I’m late to a meeting at the library I’ll participate in when I stop in the parking lot. In the wetlands behind the library, a red-wing blackbird sings. I can’t see the bird. This isn’t a flock; a bird calls and chirrups, that old familiar, unmistakable sound of spring. I’ve driven, in years past, on the hunt, just to hear this bird.
A few years ago, by chance I met a friend outside the Woodbury, VT, post office. We stood talking about something we found mutually so enjoyable, while in a winter-bare maple tree, a flock of these beauties sang. Spring! we marveled.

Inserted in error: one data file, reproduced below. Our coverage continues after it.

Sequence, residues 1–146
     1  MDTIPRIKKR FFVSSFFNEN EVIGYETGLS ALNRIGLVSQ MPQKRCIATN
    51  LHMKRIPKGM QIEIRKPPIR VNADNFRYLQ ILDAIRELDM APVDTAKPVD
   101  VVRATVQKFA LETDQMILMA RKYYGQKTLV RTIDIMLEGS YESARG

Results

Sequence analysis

This year, I remember how long and hard mud season is, most rightfully a season worthy of its own true name. Hence, love of little things like tiny birds.
The river is moving.
The blackbird must be flying.~ Wallace Stevens, “Thirteen Ways of Looking at a Blackbird”